Filters were applied to limit studies published in English between 1990 and 2021 and, where possible, by trials (Cochrane Library). Studies were selected according to PICOS criteria: population (adults 18 years or older diagnosed with episodic or chronic migraine, diagnosed according to International Classification of Headache Disorders criteria or ICHD criteria), intervention (prophylactic migraine treatments administered orally or via intravenous (IV), intramuscular, or subcutaneous injection), comparison (patients in the intervention group treated with the active drug for migraine prevention; patients in the control group treated with placebo), outcomes (migraine-related efficacy outcomes), and study (randomized, double-blinded, placebo-controlled trials) [16,17,18]. Studies were required to report at least one migraine-related preventive efficacy outcome. Studies were excluded if they included children or adolescents (< 18 years of age) or had mixed population results (such as adolescents and adults), or included patients diagnosed with menstrual migraine, trigeminal autonomic cephalalgias, or non-migraine headache conditions. Studies that reported acute migraine treatment, homeopathic remedies, or preventive treatments other than oral or injectables (such as acupuncture or sham surgery or non-pharmacological treatments) were excluded. Open-label trials, reviews, observational studies, case series and reports, unpublished studies, non-peer-reviewed studies, and crossover studies (except when the results of the first administration were given separately) were also excluded.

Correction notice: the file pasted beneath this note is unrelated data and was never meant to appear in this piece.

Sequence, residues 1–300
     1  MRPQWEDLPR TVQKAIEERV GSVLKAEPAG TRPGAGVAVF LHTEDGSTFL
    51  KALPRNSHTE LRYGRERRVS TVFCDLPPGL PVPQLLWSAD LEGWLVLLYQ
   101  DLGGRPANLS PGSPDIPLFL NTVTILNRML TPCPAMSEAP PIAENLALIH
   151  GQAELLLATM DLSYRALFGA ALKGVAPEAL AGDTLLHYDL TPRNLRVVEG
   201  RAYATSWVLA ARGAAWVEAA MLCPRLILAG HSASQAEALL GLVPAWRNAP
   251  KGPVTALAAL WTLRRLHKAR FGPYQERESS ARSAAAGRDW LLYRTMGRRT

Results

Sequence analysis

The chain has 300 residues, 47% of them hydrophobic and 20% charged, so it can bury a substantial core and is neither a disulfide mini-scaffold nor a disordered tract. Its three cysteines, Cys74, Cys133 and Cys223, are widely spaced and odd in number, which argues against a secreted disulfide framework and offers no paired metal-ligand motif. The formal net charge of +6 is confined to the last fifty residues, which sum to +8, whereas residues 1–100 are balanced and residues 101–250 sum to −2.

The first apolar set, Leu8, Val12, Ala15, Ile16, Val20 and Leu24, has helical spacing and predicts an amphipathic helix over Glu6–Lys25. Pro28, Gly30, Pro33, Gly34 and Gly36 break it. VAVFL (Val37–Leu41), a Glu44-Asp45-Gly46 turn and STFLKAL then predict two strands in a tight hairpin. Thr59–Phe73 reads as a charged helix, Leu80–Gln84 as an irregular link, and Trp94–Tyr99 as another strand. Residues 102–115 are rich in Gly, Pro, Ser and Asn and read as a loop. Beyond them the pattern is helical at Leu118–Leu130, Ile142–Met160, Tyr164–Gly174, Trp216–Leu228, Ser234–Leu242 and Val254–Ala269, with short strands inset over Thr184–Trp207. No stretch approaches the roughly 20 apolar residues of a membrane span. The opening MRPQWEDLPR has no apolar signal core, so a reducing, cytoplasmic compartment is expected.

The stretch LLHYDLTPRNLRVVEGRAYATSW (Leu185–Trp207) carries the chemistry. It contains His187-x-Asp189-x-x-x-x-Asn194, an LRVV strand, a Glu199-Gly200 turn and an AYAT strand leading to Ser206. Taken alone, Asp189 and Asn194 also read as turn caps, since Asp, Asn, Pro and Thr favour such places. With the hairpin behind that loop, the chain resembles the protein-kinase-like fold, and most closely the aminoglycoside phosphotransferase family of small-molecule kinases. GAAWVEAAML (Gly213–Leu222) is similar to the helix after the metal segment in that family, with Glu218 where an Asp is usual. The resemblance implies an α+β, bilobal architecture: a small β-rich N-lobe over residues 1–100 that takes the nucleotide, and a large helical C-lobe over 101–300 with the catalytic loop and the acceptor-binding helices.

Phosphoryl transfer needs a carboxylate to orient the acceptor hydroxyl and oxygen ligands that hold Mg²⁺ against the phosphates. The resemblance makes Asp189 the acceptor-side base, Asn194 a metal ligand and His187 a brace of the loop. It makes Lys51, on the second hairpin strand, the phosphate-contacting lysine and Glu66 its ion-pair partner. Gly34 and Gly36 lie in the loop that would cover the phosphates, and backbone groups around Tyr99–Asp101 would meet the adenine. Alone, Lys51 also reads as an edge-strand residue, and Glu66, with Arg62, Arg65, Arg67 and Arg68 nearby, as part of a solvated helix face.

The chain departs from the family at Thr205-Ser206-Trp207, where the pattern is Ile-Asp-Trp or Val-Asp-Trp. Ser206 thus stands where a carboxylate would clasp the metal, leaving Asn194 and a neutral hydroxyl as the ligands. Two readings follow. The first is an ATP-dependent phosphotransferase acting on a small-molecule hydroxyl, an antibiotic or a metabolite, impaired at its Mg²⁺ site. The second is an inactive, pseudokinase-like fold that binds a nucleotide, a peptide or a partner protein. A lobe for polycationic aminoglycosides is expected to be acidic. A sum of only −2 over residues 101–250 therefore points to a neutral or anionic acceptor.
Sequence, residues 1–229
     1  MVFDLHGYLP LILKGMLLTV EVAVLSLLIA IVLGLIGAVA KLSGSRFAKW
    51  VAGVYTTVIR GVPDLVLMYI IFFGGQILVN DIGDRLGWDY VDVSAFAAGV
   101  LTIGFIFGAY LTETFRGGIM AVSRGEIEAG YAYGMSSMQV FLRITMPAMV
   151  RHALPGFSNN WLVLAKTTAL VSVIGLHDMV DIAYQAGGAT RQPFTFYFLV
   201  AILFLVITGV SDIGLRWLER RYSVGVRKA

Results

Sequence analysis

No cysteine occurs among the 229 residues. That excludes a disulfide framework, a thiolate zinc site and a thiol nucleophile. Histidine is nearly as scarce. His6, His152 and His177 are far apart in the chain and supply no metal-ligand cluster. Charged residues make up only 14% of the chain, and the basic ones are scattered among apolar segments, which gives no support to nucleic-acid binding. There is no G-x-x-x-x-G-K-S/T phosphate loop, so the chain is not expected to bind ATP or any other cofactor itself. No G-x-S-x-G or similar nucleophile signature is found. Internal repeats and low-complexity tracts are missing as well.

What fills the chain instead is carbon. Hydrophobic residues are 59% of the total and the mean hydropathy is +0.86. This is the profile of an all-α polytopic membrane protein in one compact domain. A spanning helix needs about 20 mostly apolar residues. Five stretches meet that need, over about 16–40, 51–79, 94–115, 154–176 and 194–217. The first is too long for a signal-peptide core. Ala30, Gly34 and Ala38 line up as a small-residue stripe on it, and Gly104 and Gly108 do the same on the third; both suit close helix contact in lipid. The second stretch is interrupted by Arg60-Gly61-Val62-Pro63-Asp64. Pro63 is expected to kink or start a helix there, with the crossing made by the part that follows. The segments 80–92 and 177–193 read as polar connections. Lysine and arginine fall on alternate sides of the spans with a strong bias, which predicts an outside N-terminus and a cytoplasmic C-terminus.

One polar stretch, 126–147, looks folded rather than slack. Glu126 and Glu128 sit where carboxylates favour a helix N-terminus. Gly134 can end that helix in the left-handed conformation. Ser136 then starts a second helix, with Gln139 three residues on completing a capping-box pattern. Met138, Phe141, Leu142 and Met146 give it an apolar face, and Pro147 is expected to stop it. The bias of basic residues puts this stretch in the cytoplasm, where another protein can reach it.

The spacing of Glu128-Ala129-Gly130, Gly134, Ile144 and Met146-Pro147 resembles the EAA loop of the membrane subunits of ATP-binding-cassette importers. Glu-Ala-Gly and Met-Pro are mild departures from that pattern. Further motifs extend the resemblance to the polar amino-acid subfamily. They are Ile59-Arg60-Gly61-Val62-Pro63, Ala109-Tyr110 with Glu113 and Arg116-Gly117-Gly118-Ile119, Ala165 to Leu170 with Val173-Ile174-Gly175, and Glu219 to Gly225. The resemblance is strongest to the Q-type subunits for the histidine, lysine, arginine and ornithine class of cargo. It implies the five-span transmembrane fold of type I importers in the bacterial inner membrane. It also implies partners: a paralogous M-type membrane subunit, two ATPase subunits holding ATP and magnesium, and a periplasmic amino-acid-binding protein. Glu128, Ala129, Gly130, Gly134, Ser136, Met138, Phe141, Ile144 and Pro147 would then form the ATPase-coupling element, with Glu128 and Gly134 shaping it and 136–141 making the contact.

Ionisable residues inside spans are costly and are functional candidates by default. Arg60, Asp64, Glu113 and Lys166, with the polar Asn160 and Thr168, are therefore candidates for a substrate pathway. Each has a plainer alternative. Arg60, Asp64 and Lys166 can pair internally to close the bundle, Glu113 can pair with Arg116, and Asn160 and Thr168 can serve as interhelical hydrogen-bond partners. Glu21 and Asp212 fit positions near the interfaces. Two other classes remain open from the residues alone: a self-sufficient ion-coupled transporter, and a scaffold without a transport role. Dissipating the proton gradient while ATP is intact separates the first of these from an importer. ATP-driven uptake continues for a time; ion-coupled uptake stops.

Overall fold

Articles identified in the systematic literature search underwent title and abstract screening by two independent reviewers (FP and NA). The articles included after abstract screening were subject to a full-text review for a second round of detailed evaluation for eligibility and removal of duplicates. Disagreements were resolved through discussion with the entire team of authors or with the intervention of a third reviewer (DR).
Relevant data from the remaining eligible full-text articles, including but not limited to study/participant information, treatment characteristics and outcomes, were extracted by two independent reviewers. Data were collected in an Excel database, and then entered independently in Stata/MP 15.1 for Windows (StataCorp LLC, College Station, TX).
This study evaluated eight continuous and eight dichotomous migraine efficacy outcomes. The following continuous outcomes were included by order of preference: monthly migraine days (MMDs), migraine headache days (MHDs) per month, attacks per month, episodes per month, migraine days, attack frequency, headache days per month, and headache days. For dichotomous outcomes, we included the following by order of preference: proportion of patients with a 50% or more decrease in MMDs, MHDs, attack frequency, migraine episodes per month, migraine days, headache attack frequency, headache days, and intensity or duration.